Jesse Maple of West Lafayette, Ohio, was drafted into the Army during the Vietnam War at the age of nineteen. Before he left, he was given a King James Bible by the Gideons and carried it throughout his tour. He survived what he describes as “many close calls,” then gave the Bible to his brother Bill when Bill was transferred from Europe to fight in Vietnam.
Before Bill left Vietnam, he gave the Bible to his close friend Roger Hill, who also grew up in West Lafayette. Hill wrapped it in plastic to protect it from the monsoon rains and had it with him when he was severely wounded during his final tour. “I still pray to God every day and thank him for another day,” Hill later said.
The Bible then went to another West Lafayette native, Cliff McPeak, who fought in the Gulf War. Next, it went to Zac Miller, who joined the Ohio Army National Guard and was deployed to Iraq. When Miller finished his initial tour of duty, the Bible was given to another pair of brothers from West Lafayette; they carried it into battle in Iraq and Afghanistan before returning it to Miller for safekeeping in 2019.
In total, the Bible was carried by seven soldiers through eleven Army tours. Miller interviewed them for a book about their stories, learning that the men were not all devout but they were all strengthened, encouraged, and comforted by that Bible.
“In very trying times, having that Bible with you gave you a little ease that you were not alone and being watched over,” he said.
The hardest question Christianity must face
The Bible apparently did not save these soldiers by itself. Nothing in the story indicates that it stopped bullets that would have killed those who carried it. Rather, it conveyed to them a sense of God’s presence in the midst of the dangers they faced.
Seeking God’s help in battle is obviously an appropriate response to danger. According to the American Bible Society’s State of the Bible survey with Barna research, those who are deployed in combat zones are more than twice as likely to belong to the highest category of biblical engagement compared to all service members. And members of the military who are deployed more often are more likely to engage Scripture.
As the son and grandson of veterans, I am glad to read of those who survived their battles and sensed God’s presence with them. But what of those who did not survive? And what of those who, like my father, could never reconcile the horrors they experienced with the faith they previously held?
Innocent suffering is the hardest question Christianity must face. We believe that God is all-knowing, all-loving, and all-powerful. Because he is omniscient, he clearly knows what those in battle are facing. In fact, he knew it before they did. Because he is all-loving, he would presumably not want them to face such suffering. Because he is all-powerful, he could prevent their suffering.
But sometimes, he does not.
“Cover him with a cloud!”
Of course, we can point to misused free will as the cause of war and its consequences. God did not cause the world wars and other conflicts our soldiers have been forced to fight. But he sometimes acts in miraculous ways to spare them.
For example, Spencer January, a World War II veteran, told of a cloud that “appeared out of nowhere” during a battle and sheltered him and his fellow American soldiers from German machine guns. The moment the last soldier made it to safety, the cloud disappeared.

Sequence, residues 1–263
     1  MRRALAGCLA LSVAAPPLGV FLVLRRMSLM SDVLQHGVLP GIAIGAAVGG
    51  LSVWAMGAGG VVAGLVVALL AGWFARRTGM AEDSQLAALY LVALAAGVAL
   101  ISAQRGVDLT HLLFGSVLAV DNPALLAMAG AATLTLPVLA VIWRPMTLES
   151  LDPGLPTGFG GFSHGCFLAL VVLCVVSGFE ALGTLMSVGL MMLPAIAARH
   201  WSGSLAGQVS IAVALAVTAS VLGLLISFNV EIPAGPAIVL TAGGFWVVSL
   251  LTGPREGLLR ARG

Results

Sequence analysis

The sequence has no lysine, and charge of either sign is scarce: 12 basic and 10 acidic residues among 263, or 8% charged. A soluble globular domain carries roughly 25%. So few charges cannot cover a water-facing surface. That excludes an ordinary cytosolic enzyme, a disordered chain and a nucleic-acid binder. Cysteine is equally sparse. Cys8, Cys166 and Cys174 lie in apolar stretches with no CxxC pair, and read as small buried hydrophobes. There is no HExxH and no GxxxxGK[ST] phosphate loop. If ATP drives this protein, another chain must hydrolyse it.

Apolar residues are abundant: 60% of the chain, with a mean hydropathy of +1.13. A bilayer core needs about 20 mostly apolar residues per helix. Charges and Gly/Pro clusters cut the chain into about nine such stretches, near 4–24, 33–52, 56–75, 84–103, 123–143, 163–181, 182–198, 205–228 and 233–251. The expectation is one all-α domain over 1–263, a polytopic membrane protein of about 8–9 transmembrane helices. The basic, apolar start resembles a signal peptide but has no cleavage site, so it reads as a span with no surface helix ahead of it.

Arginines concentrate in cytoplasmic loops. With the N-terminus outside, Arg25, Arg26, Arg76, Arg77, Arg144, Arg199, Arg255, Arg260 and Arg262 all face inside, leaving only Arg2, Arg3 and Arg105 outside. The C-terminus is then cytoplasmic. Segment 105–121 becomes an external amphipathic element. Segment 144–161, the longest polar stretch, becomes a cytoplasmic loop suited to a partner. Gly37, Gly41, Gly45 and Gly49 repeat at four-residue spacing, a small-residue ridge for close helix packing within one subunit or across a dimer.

Two weeks later, Spencer received a letter from his mother in Dallas. She wrote to tell him that Mrs. Tankersley, one of their church’s prayer warriors, had been awakened by God to intercede for him. He then calculated that this happened at the very time he was in such mortal danger. Mrs. Tankersley prayed passionately for him, closing with the request, “Lord, whatever danger Spencer is in, just cover him with a cloud!”
We can and should praise God for such miraculous protection for our soldiers. But what of those who were not covered with a cloud? What of the 1.1 million Americans whose sacrifice we commemorated on Memorial Day? What of their spouses and children, parents and grandparents? What does God’s word say to their pain?
“We see in a mirror dimly”
God sometimes allows suffering to grow us spiritually. He sometimes works through present pain for future good that explains our suffering in retrospect. But his word does not fully explain why he allows all innocent suffering for the simple reason that our minds are so finite that we cannot understand his infinite ways (cf. Isaiah 55:8–9).
However, we can know that he redeems all he allows, whether we understand that redemption in this life or not. We know that while “we see in a mirror dimly” in this life, one day we will see God “face to face” and “know fully” what we only know partially today (1 Corinthians 13:12).
And we know that nothing in our circumstances changes the character of the One who “is love” (1 John 4:8).
Last weekend, my wife and I were privileged to watch our granddaughter compete in a horse-riding show. I watched her to the exclusion of all the other riders and was so proud of her when she won her competition. Then the thought occurred to me: God focuses on each of us even more fully than I focused on my granddaughter. He loves each of us even more than I love her.
Now he wants to show the hurting people we know his grace in our compassion, his peace in our presence.
For whom will you be the hands and the heart of Jesus today?